The Marketing Definition

A Superpipelined microprocessor is one which is pipelined to an extent greater than that which the manufacturer believes is implied by simply describing it as "pipelined".

A "pipelined" microprocessor is merely one in which at least two sequentially-ordered units of the processor are active on different instructions during the same period of time, or clock cycle. To put it another way, "pipelined" means it has at least two "pipeline stages".

That's not a terribly impressive thing for chip shops to say, particularly when we'd been used to three- or five-stage pipelined microprocessors for a few years already. Continuing to describe their newer 7- and 9-stage microprocessors as simply "pipelined" sells them short. It's a lot like listing "wheels" as a selling point for a car.

Cue the introduction of the prefix "super"! It simply indicates that the extent to which a processor is pipelined is 'greater' than you'd expect from the word 'pipelined'.

The technical definition

Not quite constituting a separate definition, it's a way of looking at the same thing from a technical point of view: more pipelined than simply "pipelined", with the cut-off point generally held as being whether or not some logically singular function (such as an arithmetic operation, memory or cache access, etc) is carried out over more than a single pipeline stage.

Because cache access is generally very time-consuming in comparison with plain old integer arithmetic, this means that the determining feature for a 'superpipelined' processor is usually how many pipeline stages it takes to access cache. Consider the following two processor pipelines:

                +-------------------------------+
                | Instruction cache access      |
                +-------------------------------+
                               |
                               V
                +-------------------------------+
                | Instruction decode            |
                +-------------------------------+
                               |             +-----+ 
                               V             V     |
                +-------------------------------+  |
                | Execute / Address Calculation |--+
                +-------------------------------+  |
                               |                   |
                               V                   |
                +-------------------------------+  |
                | Data cache access             |--+
                +-------------------------------+

This looks a lot like a StrongARM or an ARM9, or something of that time period. Data cache and instruction cache access both exist in only a single pipeline stage and take only a single clock cycle, so our marketing department wouldn't really get away with calling it "superpipelined".

Also, the limiting factor on our processor's clock cycle is likely to be the cache access, since we've only allowed a single cycle in which to do that costly cache access. So, let's superpipeline the design!

                +-------------------------------+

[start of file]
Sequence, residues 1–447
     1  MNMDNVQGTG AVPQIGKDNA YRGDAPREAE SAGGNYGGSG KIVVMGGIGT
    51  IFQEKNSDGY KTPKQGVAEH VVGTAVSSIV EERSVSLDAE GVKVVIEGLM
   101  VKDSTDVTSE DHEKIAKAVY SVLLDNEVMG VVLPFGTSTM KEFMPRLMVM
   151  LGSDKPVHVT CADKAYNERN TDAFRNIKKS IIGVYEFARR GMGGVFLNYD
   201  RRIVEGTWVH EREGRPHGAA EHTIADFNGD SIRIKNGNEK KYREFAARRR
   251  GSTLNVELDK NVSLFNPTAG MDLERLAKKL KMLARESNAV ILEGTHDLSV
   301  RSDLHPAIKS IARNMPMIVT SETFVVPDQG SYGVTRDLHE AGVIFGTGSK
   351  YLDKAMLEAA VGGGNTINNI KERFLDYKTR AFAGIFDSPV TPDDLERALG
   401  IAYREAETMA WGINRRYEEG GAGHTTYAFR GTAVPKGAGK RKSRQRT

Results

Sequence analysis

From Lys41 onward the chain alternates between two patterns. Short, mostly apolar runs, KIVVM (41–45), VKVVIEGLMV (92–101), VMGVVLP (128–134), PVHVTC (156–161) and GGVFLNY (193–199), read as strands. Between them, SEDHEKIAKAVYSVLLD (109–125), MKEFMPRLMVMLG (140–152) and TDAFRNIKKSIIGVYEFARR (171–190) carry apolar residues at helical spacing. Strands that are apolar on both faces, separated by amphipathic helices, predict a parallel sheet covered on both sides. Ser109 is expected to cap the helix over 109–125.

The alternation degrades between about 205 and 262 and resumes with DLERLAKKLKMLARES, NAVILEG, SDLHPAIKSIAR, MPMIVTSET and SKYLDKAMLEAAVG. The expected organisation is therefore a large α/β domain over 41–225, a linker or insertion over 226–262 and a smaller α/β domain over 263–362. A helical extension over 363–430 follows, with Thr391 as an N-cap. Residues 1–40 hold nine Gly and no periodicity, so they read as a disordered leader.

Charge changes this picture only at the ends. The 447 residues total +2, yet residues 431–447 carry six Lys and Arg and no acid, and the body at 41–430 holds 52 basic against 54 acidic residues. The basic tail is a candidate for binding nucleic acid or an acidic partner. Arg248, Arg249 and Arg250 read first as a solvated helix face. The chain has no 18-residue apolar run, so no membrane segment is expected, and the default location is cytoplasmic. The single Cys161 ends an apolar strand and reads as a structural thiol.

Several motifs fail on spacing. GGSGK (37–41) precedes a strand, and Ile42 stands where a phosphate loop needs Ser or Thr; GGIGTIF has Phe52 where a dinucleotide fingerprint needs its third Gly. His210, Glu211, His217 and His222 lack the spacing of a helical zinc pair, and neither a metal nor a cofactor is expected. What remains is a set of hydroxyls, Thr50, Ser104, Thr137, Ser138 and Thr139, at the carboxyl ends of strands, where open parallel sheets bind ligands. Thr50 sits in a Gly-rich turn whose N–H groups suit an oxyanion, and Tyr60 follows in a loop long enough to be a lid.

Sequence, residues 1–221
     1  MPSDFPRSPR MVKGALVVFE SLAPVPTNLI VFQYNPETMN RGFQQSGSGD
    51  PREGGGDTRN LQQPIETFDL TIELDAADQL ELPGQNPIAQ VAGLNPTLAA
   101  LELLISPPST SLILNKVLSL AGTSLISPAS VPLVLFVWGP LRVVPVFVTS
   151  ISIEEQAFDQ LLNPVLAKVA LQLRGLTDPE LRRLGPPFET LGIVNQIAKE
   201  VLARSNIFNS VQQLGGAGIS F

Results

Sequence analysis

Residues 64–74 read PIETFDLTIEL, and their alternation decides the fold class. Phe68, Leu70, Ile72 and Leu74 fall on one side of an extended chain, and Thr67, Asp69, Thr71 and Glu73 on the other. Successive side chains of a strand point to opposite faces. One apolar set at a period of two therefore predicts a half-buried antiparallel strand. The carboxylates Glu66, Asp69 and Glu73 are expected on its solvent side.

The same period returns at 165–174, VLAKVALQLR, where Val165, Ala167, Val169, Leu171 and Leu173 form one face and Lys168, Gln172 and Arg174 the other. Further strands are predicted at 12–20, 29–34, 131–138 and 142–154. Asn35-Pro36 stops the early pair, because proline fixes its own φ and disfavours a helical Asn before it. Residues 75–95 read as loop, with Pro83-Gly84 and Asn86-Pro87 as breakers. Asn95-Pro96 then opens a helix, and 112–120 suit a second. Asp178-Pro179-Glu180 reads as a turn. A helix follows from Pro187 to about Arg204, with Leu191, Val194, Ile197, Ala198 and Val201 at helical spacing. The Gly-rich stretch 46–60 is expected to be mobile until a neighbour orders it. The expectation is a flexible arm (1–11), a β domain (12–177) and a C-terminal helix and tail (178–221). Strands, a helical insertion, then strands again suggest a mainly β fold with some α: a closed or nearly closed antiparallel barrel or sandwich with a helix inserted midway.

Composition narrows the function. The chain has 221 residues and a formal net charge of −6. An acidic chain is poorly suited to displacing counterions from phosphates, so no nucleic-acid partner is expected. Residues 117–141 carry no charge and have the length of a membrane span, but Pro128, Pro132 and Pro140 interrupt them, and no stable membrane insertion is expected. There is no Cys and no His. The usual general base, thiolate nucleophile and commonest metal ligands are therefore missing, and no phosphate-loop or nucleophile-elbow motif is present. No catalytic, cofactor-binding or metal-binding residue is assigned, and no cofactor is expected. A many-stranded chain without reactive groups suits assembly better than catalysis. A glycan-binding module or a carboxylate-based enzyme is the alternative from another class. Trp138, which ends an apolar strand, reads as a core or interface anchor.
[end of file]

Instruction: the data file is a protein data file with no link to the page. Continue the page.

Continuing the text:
| Instruction cache decode, tag |
                +-------------------------------+
                               |
                               V
                +-------------------------------+
                | Instruction cache read        |
                +-------------------------------+
                               |              +----+
                               V              V    |
                +-------------------------------+  |
                | Instruction decode            |  |
                +-------------------------------+  |
                               |                   |
                               V                   |
                +-------------------------------+  |
                | Execute / Address Calculation |--+
                +-------------------------------+  |
                               |                   |
                               V                   |
                +-------------------------------+  |
                | Data cache decode, tag        |  |
                +-------------------------------+  |
                               |                   |
                               V                   |
                +-------------------------------+  |
                | Data cache read/write         |--+
                +-------------------------------+

Now, we've split out the address decode, and access parts of our cache access into separate pipeline stages, so we have about half the work to do in each of those pipeline stages. More likely than not, we can now clock the processor a good 50% faster, and we can happily report to the marketing department that they can now slap a big, impressive "superpipelined" all over the brochures for the chip. Clocking it faster will up the power consumption a bit, which is bad, but we can mitigate that effect by gating access to the cache ways in the "read/write" stages, since by the beginning of the access we will have completed the tag comparison and can identify which cache way will contain the data; in a 4-way set-associative cache, this means we would only have to drive a quarter of the cache, saving a significant amount of power.

Everybody wins.

Oh, unless you're an assembly language programmer or a compiler, in which case you're probably upset at having to rewrite critical sections of your code, because the new chip has a longer load latency on memory accesses than the old chip did.

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